Business Insider: How I learned, struggled and saw personal growth on the racetrack

It’s important to reflect on your mistakes, but Jeffrey Scott says it’s not worth dwelling on for too long. (Photo: Arand/E+/Getty Images)
It’s important to reflect on your mistakes, but Jeffrey Scott says it’s not worth dwelling on for too long. (Photo: Arand/E+/Getty Images)

Every couple of months, someone reaches out to ask me how they can become a consultant.

That question allows me to reflect on the journey. On the one hand, I’m sure they have great experiences. On the other hand, becoming a consultant isn’t a simple choice. We make it look easy, but it’s taken a ton of hard work.

Over the years, I’ve coached more than 350 firms in the landscape business, and it’s shocking to look back at what I thought I knew, even just a couple of years ago. The key to success in this business is never thinking you have arrived, and constantly challenging and educating yourself.

Coaches need coaching

When I decided to put up my shingle, I hired the very best “coaches coach” I could find. It’s critical for anyone who wants to be a great coach to receive great coaching themselves.

I’ve continued this commitment in my personal life, hiring coaches to help me progress in my hobbies, including car racing.

Learning isn’t pretty, attempting to master a new skill can be stressful. I was reminded of that challenge recently when I visited a new (to me) motorsports track: Eagles Canyon Raceway, north of Dallas.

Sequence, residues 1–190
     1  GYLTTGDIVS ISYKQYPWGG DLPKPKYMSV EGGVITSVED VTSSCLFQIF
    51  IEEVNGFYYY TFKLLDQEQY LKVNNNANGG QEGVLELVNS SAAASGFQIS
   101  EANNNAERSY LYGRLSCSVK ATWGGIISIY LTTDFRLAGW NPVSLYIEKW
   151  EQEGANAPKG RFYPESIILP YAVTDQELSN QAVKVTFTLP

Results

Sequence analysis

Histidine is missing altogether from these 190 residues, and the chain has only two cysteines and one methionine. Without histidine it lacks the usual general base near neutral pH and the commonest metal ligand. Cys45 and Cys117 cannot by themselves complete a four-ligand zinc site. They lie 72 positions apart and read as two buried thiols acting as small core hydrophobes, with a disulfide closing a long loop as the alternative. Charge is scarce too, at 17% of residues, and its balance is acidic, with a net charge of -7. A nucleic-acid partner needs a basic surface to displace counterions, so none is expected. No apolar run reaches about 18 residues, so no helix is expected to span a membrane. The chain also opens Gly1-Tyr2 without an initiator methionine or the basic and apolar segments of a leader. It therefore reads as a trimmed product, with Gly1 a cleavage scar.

It’s a difficult track for the newcomer: very hilly, curvy and long. It was especially difficult because I rented a car which I had not driven before.

The emotions of struggle

I experienced all the emotions of struggle and failure over that two-day weekend. The driving coach I hired is the best in the South, and so my learning curve was steep.

On day one, it took all my effort to try to grasp and visualize the track. There were times when I ended up in a total fog, literally forgetting where I was, unsure if the next turn was to the left or right. I made many mistakes, which isn’t pretty when you’re driving 80 mph.

Was my coach rolling his eyes, or was that my inner voice feeling the shame? Shame and doubt can rear its head when you fumble terribly. We ended up skidding off the track once, no crashes and no need to spend the insurance deductible.

In my downtime (between runs) I studied the video footage. I pushed myself to memorize each curve, trying to internalize the rhythm of this track.

Over dinner, my coach pulled out the day’s video and showed me the recurring errors and the big opportunities for the next day. He seemed to enjoy poking fun at me, but it was all in good spirits. There is no room for being thin-skinned when you want to run with the best.

Taking the next step

On day two, with each mess up my coach would say “Ok, back at it! Get your head in the game. GO, GO, GO!”

By the middle of day two, I was passing cars and one guy stopped by to say thanks for the cat-and-mouse chase. When I passed him towards the end, I lost him. He couldn’t keep up.

The lesson I learned here is that the struggle is real and can even be dangerous. The shame, however, is made up. It’s in your head. There is no time to stop and feel sorry for yourself. Shake off the missteps and just keep going!

Take time to reflect. Yes, take time to reflect with a professional coach, someone who can guide you to learn and adjust your strategy. It’s very hard work. But I promise if you keep at it, soon others will be following you.

The winners in business and life are those who surround themselves with top people and persevere. Eventually, you will reach a top level and enjoy being that leader. But don’t breathe your own exhaust, and never stop learning.

Jeffrey Scott

Jeffrey Scott

Jeffrey Scott, MBA, author, specializes in growth and profit maximization in the Green Industry. His expertise is rooted in personal success, growing his own company into a $10 million enterprise. Now, he facilitates the Leader’s Edge peer group for landscape business owners. To learn more visit GetTheLeadersEdge.com

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